My husband has been requesting that I make a savory potato bread for over a year now. Since the weather is starting to get cooler and hearty soups are starting to make an appearance, I thought no better time than now! This bread is perfect to use as a sandwich bread slice, breakfast toast, or dipped in soup. Cooked potatoes with their cooking water is the secret to very flavorful potato bread. I have made many different types of yeast bread, however, this one was a little different. The dough was very sticky and I was tempted to use lots of flour, but I did stay under the allowed 8 1/2 cups. The crust was brown and crisp. Each soft slice of bread is loaded with little chunks of potato in each bite, making it extremely flavorful.
Tender Potato Bread
- 4 medium to large floury potatoes, peeled and cut into chunks. (Idaho, Russet & Yukon gold) (between 8oz-16oz of potatoes)
- 4 cups water, reserve cooking water
- 1 tablespoon plus 1 teaspoon salt
- 2 teaspoons active dry yeast
- 6 ½ cups to 8 ½ cups unbleached all-purpose
- 1 tablespoon unsalted butter, softened
- 1 cup whole wheat flour
In a medium saucepan, place potatoes and 4 cups water and bring to boil. Add 1 teaspoon salt and cook, half covered, until the potatoes are very tender, about 20-25 minutes.
Drain the potatoes, reserving the potato water, and mash the potatoes well.
Measure out 3 cups of the reserved potato water. Add extra water if needed to make 3 cups. Place the water and mashed potatoes in the bowl you plan to mix the bread dough in. Let cool to lukewarm (70-80°F) – stir well before testing the temperature.
In a one cup measuring cup, stir yeast into a cup of cooled water (70-80°F). Add this mixture to the mashed potatoes & water mixture and let stand 5 minutes. Then add 2 cups of flour to the mixture and allow to rest 3-4 minutes.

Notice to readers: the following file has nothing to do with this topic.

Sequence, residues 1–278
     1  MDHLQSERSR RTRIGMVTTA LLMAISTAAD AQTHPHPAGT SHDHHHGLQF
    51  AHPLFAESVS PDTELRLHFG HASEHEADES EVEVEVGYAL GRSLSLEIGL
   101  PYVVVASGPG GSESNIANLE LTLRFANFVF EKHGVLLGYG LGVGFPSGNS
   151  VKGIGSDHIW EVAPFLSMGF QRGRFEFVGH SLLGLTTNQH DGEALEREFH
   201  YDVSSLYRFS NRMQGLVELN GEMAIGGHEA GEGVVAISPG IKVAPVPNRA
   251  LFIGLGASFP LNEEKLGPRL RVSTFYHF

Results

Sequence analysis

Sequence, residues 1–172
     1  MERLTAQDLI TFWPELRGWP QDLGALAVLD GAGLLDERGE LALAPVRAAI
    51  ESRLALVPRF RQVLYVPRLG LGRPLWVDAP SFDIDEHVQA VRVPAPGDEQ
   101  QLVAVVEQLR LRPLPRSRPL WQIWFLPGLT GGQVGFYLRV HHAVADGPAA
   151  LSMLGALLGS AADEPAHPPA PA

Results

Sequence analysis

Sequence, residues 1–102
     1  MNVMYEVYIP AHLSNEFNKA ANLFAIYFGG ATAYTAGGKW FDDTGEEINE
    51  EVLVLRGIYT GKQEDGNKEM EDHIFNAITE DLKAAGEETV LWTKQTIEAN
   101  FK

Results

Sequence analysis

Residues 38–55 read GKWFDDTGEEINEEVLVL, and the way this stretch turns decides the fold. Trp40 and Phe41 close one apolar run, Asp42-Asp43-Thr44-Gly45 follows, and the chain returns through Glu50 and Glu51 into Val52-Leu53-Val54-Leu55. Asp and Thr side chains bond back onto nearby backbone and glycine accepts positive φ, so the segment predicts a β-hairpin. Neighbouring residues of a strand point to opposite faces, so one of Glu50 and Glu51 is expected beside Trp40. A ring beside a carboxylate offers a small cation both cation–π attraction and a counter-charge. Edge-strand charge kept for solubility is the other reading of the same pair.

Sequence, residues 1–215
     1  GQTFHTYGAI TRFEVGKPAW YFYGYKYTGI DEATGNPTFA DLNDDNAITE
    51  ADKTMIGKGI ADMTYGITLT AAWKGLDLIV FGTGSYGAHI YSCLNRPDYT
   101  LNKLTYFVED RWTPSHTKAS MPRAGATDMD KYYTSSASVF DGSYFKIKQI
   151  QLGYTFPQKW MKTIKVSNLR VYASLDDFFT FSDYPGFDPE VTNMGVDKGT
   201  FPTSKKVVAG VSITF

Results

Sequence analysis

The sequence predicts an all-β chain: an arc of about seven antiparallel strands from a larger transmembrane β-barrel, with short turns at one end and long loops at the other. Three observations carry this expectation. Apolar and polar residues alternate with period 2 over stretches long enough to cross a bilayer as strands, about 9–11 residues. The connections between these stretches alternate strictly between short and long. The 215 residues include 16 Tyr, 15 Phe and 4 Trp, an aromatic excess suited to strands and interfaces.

Sprinkle in the remaining 1 tablespoon salt and the softened butter; mix well. Add the 1 cup whole wheat flour, stir briefly.
Add 2 cups of the unbleached all-purpose flour and stir until all of that flour has been incorporated.
Turn the dough out onto a generously floured surface and knead for about 10 minutes, incorporating flour as needed to prevent sticking. The dough will be very sticky to begin with, but as it takes up more flour from the kneading surface, it will become easier to handle; use a dough scraper to keep your surface clean.
The kneaded dough will still be very soft. Place the dough in a large clean bowl or your rising container of choice, cover with plastic wrap or lid, and let rise about 2 hours or until doubled in volume.
Turn the dough out onto a well-floured surface and knead gently 3-4 minutes. It will be moist and a little sticky.
Divide the dough into 2 unequal pieces in a proportion of one-third and two-thirds. Set aside the smaller piece and cover loosely with a kitchen towel.
Butter a 9 x 5 x 2.5 inch loaf/bread pan. Flatten the larger piece of dough on the floured surface to an approximate 12 x 8 inch oval, then roll it up from a narrow end to form a loaf. Pinch the seam closed and gently place seam side down in the buttered pan. The dough should come about three-quarters of the way up the sides of the pan. Cover with plastic wrap and let rise for 35 to 45 minutes, until puffy and almost doubled in volume.
To make rolls with the remainder: Butter a 13 x 9 inch sheet cake pan or a shallow cake pan. Cut the dough into 12 equal pieces. Shape each into a ball under the palm of your floured hand and place on the baking sheet, leaving 1/2 inch between the balls. Cover with plastic wrap and let rise for about 35 minutes, until puffy and almost doubled.
Preheat oven to 450°
Dust risen loaves and rolls with a little all-purpose flour or lightly brush the tops with a little melted butter. Slash loaves crosswise two or three times with a very sharp knife and immediately place the baking sheet in the oven. Place the rolls next to the loaf in the oven. Bake the rolls at the same time as the loaf.
Bake loaf and rolls at 450° for 10 – 15 minutes and then turn the oven down to 375°F for the remaining time. Bake rolls until golden, about 30 minutes. Bake the large loaf for about 50 minutes.
Transfer the rolls to a rack to cool. When the loaf has baked for the specified time, remove from the pans and place back on a baking sheet for another 5 to 10 minutes. The corners should be firm when pinched and the bread should sound hollow when tapped on the bottom.
Let all the breads cool on a rack for at least 30 minutes before slicing. Rolls can be served warm or at room temperature.
Source: adapted from Home Baking: The Artful Mix of Flour and Traditions from Around the World